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I've been toying with writing ever since I started freelancing, 5 years ago. At first, I thought that I should write about copywriting and marketing because it's what I do for a living. But here's the truth: there are many awesome blogs about that stuff already. I don't have anything new to add. So I nixed the idea of adding another copywriting blog and just kept the idea of writing a blog in the back of my head.

Recently, I've taken on several DIY projects not related to writing. Since "creative" is in my business name, I figured that I could write a blog about the projects that I'm working on outside of writing and link it to my business. This idea saved me the trouble of coming up with a new domain name, setting up a new blog, and all that jazz. Now you have it -- my first post about a project I recently completed.

I moved into a new home in the summer of 2018. With it came a lot of heartache stemming from leaving my previous place of residence to icky issues with the new house. Over the past year, I've gotten into the groove of making our house really feel like ours.

Here's the thing with a new house -- I want every room to be done now. That's not realistic given the cost of furnishing an entire house.

Cheap furniture is not an option for me anymore. I want stuff that's going to last a long time and not end up in a landfill. With a budget in mind, I've gotten really good at spotting quality pieces of furniture at consignment stores. I've also painted furniture we already owned and even built a desk.

One of the pieces of furniture we decided against replacing is our dining room table. You see, we have young kids who are messy and not careful. We'll replace the dining room table when my kids are teenagers.

We bought our dining room table at Overstock several years ago. It's not a bad looking table; I'm simply over the dark wood. The bulkiness of the chairs also bothered me. Our dining room in the new house is on the smaller side. I scored some smaller chairs at a consignment store last summer.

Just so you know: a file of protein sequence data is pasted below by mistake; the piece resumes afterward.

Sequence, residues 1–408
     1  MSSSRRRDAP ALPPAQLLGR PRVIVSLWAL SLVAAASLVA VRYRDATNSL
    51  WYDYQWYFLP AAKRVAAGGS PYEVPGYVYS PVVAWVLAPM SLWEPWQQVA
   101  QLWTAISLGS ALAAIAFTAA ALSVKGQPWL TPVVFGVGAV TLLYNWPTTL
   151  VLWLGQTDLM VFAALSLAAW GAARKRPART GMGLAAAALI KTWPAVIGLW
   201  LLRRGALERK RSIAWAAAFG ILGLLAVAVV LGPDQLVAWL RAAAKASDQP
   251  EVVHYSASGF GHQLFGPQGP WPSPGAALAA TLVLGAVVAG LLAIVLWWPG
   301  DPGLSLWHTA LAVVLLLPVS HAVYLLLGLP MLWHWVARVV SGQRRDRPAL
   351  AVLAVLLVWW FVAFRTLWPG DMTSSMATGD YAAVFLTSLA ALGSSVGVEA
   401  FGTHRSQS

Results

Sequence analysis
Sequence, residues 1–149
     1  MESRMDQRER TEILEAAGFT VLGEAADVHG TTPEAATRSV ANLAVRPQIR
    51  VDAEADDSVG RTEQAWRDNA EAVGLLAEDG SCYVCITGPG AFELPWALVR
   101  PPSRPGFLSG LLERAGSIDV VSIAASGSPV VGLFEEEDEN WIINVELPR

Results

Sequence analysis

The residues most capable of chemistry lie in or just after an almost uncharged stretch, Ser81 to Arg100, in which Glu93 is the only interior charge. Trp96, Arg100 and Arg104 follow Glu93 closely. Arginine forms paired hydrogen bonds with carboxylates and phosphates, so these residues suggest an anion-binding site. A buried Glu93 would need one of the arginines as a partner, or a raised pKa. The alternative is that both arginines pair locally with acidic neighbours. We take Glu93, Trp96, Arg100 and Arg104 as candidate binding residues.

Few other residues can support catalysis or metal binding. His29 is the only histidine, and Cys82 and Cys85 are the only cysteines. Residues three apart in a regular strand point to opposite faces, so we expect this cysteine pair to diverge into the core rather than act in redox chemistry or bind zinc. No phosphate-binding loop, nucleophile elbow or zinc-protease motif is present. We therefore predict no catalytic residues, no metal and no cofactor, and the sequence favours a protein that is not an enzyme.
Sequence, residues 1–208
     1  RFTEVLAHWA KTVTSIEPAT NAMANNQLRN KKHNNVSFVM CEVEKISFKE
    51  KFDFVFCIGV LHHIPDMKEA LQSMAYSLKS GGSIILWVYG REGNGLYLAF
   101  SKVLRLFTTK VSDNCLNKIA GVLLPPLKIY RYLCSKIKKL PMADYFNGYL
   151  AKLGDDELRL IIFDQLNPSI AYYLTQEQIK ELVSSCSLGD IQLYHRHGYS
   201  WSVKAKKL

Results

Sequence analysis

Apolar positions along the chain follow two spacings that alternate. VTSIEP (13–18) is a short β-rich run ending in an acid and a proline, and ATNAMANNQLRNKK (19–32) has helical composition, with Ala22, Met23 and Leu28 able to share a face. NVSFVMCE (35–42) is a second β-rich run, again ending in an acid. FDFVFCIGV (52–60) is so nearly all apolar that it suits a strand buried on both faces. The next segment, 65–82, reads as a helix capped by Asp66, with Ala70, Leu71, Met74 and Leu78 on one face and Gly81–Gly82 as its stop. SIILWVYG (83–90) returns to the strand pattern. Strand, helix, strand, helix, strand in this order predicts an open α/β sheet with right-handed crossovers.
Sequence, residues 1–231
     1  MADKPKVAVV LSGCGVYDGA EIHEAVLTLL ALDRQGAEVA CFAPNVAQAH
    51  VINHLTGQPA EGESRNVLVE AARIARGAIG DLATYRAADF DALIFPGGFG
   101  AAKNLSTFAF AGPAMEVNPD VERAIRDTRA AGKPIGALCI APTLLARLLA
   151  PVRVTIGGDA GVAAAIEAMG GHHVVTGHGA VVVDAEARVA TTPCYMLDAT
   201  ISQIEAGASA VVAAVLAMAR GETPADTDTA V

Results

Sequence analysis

My husband was cool with me painting the base of our dining table. But he was against painting the top. He felt that a wood table should be wood. So, I researched for weeks about how to fix it. I considered: applying a wood veneer, covering the whole tabletop with a thin piece of wood, and installing stick-on wood planks designed for walls. With each option, I decided the cost was too much, or I didn't have the tools. I don't own a saw and don't want one. Essentially, this table is temporary, even if temporary is years away. With that said, I tried to keep my budget in check.

First, I tried to lime wax the top to make it appear lighter. But that was a DIY fail, and here's the photo of what the table looked like after I sanded off the wax.

After the waxing debacle, I was so excited to find Retique It Liquid Wood by Renaissance Innovations. It's real wood in liquid form! Genius. I wondered why more DIY'ers don't know about this. After reading countless blogs about refinishing tabletops, I finally found a solution via Google search.

Liquid Wood goes on like paint and can be stained. It's amazing. I applied two coats, letting them dry in between. Since I was only doing the tabletop, painting on the Liquid Wood took less than an hour for both coats. The two-hour dry time was definitely longer. Staining the table was a greater endeavor because I applied several coats in an attempt to match the other wood furniture in my dining room.

I painted the base with Minwax Gel Stain. It's oil-based. While I didn't love how toxic the stain fumes smelled, the coverage was amazing. The gel stain is thick, covers well, and didn't drip. I am a messy painter and frequently get droplets of paint on the floor. I didn't even need a drop cloth with the gel stain.

I applied a coat of polyurethane to seal the table. Then I decided that it was taking too long, so I switched to furniture wax. The cool thing about wax is that you don't have to wait for it to dry.

This whole project was easier than I originally thought it would be. That's mostly because of the Liquid Wood. Applying veneer or a new table saw would have taken much longer, especially because I am not a woodworker. And here's what it looks like. Note that I am dying to transform our dining room walls with some color but haven't gotten to it yet.

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